Stop Selling Your Features, People Only Care About Your Benefits

Possibly the most important lesson to learn in marketing is the difference between features and benefits.

The simple truth is that people generally do not care about your features, they want to know how their lives will be improved after doing business with you.

Features are the attributes of your product or service. Technical specifications, ingredients, and methods of manufacturing are all features. Benefits are the changes your product or service provide.

Features describe you, benefits describe the results your customers will have.

The typical example of this is how Apple marketed the iPod Nano. There were numerous MP3 players before the Nano came out but none of them were dominated the market. This is because they focused on features like disk space and dimensions. Unless you were familiar with technology, those messages didn’t appeal to you. Apple quickly differentiated itself with the benefit of “1,000 songs in your pocket.” This message clearly tells people how their lives will improve after purchasing an iPod Nano.

Let’s go through another example:

You’re selling a supplement with several ingredients. The purpose of this supplement is to accelerate muscle gain. In this case, the ingredients are the features and the muscle gain is the benefit. Just like features, the ingredients are important to support your claims of muscle gain. But your benefit must come first.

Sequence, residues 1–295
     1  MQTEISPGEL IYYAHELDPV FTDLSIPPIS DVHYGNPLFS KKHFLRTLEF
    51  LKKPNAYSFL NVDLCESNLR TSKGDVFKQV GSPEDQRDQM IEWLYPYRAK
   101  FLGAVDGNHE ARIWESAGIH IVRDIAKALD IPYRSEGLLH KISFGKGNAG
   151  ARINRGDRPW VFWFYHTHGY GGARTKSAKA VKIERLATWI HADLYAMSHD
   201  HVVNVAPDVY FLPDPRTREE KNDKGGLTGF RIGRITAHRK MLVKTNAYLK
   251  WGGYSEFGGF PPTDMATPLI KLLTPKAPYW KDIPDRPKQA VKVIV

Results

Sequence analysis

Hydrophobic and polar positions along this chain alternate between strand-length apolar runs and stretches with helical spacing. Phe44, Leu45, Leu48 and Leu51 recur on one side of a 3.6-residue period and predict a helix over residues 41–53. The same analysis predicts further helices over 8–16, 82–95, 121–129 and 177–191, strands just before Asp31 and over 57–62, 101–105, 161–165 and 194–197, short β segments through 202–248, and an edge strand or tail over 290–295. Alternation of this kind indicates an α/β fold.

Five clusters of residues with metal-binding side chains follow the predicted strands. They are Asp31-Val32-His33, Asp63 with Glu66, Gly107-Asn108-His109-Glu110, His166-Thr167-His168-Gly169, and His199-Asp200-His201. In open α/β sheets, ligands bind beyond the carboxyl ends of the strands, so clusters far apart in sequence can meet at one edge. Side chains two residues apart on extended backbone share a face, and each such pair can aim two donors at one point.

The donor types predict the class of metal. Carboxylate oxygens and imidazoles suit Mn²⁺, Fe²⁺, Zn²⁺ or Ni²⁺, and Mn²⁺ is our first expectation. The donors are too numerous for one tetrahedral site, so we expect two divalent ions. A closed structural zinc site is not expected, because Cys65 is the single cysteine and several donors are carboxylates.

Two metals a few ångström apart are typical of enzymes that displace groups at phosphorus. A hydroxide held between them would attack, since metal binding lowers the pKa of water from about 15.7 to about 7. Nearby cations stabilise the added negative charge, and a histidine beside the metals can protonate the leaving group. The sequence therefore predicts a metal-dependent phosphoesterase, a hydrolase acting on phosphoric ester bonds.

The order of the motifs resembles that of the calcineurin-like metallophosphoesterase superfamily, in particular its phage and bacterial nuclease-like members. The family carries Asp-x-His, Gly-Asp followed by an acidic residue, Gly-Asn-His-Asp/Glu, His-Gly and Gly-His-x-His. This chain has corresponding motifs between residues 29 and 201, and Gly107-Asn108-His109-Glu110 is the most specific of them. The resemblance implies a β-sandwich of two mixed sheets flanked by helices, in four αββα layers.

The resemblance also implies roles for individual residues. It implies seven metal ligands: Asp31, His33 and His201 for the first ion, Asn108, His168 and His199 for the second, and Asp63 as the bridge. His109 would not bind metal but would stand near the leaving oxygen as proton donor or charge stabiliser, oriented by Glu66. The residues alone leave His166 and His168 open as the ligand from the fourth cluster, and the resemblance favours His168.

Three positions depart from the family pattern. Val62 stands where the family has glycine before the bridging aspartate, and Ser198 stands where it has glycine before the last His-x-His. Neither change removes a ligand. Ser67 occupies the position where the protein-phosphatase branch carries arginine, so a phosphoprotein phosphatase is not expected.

But that example is a little too easy, let’s do a more complicated one:

You operate a mobile dog grooming service. Many business owners would market the “mobile” and leave it at that. The mobile is a feature though. The benefit is that dogs can be groomed in the comfort of their own homes. Or you save people timeĀ and make it convenient by coming to them. To get anyone to care about you over a typical grooming business, you need to tell them how there lives are going to be better with you in it.

What if you have multiple benefits?

Most products and services will have several benefits. It’s your job to figure out which benefit is most important to your target market. This can only be resolved with extensive testing and market research. Some markets care a great deal about time, others do not. Get to know your market and figure out what truly resonates with them.

Once you’ve figured out the most important benefit, it needs to be your primary message in everything you do. From product design to social media content, make sure people see the main benefit first. Once your audience knows why they should care, then you can cover the rest of the benefits and a full explanation of your features.

Focus on the main benefit.

Having trouble figuring out if you have a benefit or a feature? Put it in the comments and we’ll work through it together.


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